For the third time in just four years and the fourth time in seven years, No. 14 Notre Dame (4-1) meets Virginia Tech (3-1). ACC opponents were originally expected to pop up on the schedule about once every three years, but the pandemic threw some of that planning out the window, and suddenly the Irish and the Hokies are becoming very familiar with each other.
To help understand this version of Virginia Tech, one that opened the year with a bang and has since slowly drifted from most national consciousness, let’s turn to Michael Barber of The Richmond Times-Dispatch, a regular contributor to this series at this point …
DF: Let’s abandon in-depth stats lampooning Virginia Tech’s passing game (190.8 yards per game) and even more so senior quarterback Braxton Burmeister (61.4 percent completion rate, 7.4 yards per attempt), and let’s skip doubting the Hokies running game that averages 3.6 yards per carry.
There is an unexpected and unique pattern with Virginia Tech when it comes to facing Notre Dame during this 2017-present resurgence. Somehow it seems whenever the Irish come to a proverbial fork in the road, it is against the Hokies. In 2018, Notre Dame had just beaten No. 7 Stanford, reaching 5-0. A road trip to Lane Stadium to face No. 24 Virginia Tech was the last great hurdle foreseen between the Irish and the Playoff. Dexter Williams silenced the crowd with his 97-yard touchdown run to spark a 45-23 win that wasn’t that close.
Then in 2019, fresh off getting walloped by Michigan, Notre Dame hosted the Hokies in the infamous Ian Book “shush” game, righting that season for the Irish.
Here we are again, Notre Dame pondering what direction its season will go. From the other sideline, do these tides resonate at all? Is there any sense of possibility in this chance to knock the Irish back when they are already teetering, either now or in 2019?
MB: I think the only part of those circumstances that mattered to Tech was — like last weekend’s loss to Cincinnati — they made Notre Dame appear more beatable. Whether it’s the history or the national ranking, there is something extra for teams playing the Irish. For younger teams, it can be intimidation, but even for more veteran clubs, there’s almost a distraction inherent in facing Notre Dame.
Tech’s recent “success” against Notre Dame probably resonates more — the 34-31 win in 2016, Justin Fuente’s first year with the Hokies, and the 21-20 near-miss in 2019 when Tech played with its backup quarterback.
The Hokies goal is to win the ACC Coastal. That is what, most likely, can save coach Justin Fuente’s job and make this season successful. To that end, Saturday’s game is virtually meaningless to Tech. But don’t tell that to the players, coaches or fans.
When it comes to Lane Stadium, does the fan base relish a chance to restore its noise after Williams so adamantly quieted it three years ago?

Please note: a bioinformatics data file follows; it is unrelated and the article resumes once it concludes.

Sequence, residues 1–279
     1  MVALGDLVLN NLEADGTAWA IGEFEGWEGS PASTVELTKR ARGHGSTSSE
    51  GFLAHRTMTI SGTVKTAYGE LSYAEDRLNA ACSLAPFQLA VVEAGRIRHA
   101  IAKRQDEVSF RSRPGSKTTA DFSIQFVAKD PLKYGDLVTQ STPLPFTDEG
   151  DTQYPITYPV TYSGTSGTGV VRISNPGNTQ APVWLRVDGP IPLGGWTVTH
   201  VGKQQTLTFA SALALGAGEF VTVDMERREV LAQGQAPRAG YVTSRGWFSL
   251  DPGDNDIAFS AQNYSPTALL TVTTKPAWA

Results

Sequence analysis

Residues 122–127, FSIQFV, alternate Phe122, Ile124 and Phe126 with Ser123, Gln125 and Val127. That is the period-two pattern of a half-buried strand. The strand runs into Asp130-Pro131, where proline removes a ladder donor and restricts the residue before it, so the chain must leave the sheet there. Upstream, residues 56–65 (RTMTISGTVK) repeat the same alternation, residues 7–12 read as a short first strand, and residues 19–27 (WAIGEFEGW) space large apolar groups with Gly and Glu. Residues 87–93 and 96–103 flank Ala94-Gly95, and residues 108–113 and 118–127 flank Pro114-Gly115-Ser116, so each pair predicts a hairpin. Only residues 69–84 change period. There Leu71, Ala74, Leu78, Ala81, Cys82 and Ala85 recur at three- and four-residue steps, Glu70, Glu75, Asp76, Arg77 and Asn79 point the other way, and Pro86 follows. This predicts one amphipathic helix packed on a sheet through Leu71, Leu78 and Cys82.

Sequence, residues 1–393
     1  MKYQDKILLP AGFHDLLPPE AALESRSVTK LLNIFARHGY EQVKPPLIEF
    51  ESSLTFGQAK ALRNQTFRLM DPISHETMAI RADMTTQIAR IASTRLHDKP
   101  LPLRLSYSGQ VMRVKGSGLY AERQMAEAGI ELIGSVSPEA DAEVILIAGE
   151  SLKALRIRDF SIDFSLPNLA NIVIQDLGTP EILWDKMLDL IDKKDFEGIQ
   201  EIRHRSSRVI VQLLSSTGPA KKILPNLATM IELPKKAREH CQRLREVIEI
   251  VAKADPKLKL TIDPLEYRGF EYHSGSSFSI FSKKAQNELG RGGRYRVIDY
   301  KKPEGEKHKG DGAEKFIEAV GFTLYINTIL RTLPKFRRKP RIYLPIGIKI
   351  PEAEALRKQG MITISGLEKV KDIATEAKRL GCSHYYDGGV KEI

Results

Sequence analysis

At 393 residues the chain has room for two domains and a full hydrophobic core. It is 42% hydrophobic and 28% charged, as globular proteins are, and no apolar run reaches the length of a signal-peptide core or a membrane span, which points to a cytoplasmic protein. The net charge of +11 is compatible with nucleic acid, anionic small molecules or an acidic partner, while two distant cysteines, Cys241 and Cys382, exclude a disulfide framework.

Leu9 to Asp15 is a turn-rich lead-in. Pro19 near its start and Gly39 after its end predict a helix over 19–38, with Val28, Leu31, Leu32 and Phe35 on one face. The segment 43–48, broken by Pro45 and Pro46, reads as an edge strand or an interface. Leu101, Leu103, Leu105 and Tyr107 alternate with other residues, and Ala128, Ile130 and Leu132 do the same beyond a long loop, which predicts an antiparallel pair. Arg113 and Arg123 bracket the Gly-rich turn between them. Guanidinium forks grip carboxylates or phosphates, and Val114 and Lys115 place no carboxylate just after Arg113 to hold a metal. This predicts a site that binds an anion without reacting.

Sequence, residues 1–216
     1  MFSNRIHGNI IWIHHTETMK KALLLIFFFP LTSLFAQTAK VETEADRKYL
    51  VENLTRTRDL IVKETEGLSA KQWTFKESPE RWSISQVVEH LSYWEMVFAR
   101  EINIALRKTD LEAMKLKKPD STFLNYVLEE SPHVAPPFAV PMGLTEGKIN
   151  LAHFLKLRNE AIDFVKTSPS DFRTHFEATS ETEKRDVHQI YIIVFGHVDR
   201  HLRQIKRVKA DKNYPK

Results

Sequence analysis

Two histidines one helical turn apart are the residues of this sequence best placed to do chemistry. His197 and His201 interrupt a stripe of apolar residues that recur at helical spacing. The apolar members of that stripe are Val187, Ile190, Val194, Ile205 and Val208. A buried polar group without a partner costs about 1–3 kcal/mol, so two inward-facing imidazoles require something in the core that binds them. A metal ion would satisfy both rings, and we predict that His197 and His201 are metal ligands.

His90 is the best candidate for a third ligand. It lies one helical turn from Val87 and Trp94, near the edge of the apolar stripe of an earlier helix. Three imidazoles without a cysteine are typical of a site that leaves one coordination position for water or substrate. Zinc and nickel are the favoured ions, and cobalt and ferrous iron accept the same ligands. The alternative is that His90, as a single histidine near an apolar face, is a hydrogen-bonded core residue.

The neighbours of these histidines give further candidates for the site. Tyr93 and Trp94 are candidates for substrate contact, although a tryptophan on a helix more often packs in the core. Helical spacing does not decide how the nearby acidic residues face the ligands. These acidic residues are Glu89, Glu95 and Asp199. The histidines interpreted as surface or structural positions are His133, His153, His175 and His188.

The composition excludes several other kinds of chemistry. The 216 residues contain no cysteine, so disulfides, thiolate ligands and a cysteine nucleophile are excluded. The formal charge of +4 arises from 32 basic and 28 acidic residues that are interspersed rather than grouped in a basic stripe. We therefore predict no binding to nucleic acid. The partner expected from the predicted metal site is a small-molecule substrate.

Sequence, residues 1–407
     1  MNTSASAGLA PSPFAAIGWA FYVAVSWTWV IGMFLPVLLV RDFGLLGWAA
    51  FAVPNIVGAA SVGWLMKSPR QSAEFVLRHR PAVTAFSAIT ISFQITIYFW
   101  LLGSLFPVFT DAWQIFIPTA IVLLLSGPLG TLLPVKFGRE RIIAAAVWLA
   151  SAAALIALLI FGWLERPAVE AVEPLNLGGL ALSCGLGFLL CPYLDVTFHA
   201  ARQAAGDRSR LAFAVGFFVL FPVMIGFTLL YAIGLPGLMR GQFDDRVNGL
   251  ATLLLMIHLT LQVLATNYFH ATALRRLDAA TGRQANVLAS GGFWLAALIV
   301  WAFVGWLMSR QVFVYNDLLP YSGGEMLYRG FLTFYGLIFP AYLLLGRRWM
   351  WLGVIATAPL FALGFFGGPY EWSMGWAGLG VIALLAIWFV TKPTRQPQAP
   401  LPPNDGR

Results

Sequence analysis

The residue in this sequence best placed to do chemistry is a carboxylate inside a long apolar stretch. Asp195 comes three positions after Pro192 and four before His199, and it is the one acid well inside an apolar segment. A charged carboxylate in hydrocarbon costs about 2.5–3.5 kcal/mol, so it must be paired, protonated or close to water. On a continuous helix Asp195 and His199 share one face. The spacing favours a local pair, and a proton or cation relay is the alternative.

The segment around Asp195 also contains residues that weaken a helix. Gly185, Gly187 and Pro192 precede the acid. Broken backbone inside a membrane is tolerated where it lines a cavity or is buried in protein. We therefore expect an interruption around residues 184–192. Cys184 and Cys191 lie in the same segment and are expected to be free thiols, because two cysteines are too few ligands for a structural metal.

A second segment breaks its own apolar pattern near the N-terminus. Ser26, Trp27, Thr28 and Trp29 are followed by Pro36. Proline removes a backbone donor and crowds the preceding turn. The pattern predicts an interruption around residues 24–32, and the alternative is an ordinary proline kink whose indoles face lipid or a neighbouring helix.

Since not being allowed in the building last year, Tech fans relish every chance to restore the feeling that Lane Stadium is a tough place to play. The atmosphere for the opener was down-right electric against North Carolina. I’d expect that same energy and volume, and maybe more, for Saturday night against Notre Dame. Night games at Lane Stadium are always special, but a big-name, ranked opponent ratchets that up a few notches.
The return of the “Enter Sandman” entrance (I still love it, too, even after all these years.) was the perfect start to a big win in the opener. There’s no denying, the Hokies feed off the crowd and that energy, so the Irish would be wise to strike early and take the crowd out of this one.
That place was rocking to start the season, and after 2020, it was a true joy to see. (We’ll also set aside my deep love for the “Enter Sandman” entrance.) That upset of then-No. 10 North Carolina changed some of the tunes around Virginia Tech, but there were two ways to view that 17-10 win: Sure, the Hokies shut down what has become an explosive offense, but they also could not score much against a poor defense. Despite facing FCS-level Richmond and the No. 109 defense in SP+ rankings in Middle Tennessee State, Virginia Tech is averaging just 23.5 points per game.
Where is the Hokies offense consistently falling short?
Certainly, there are issues all over for this offense. Fans have been calling for the scalp of offensive coordinator Brad Cornelsen for the past 3-4 years now, but, to me, play-calling isn’t the biggest problem. The offensive line hasn’t been as good as Tech had hoped and the right tackle position has been problematic. Silas Dzansi has been injured, as has his backup, Parker Clements. Veteran Tyrell Smith looked overmatched playing that position.
The running game has yet to get in gear. Jalen Holston and Raheem Blackshear have both had good moments, but have not been consistently productive. No one anticipated either player putting up the gaudy numbers Khalil Herbert did a year ago, but the hope was a combination of backs could make up for that production. That hasn’t been the case. And, despite touting its young wide receivers all season, Tech basically has thrown the ball to three wideouts this season — Tre Turner, Tayvion Robinson and Kaleb Smith. The lack of depth at that position has hurt, as has the season-ending injury to star tight end James Mitchell.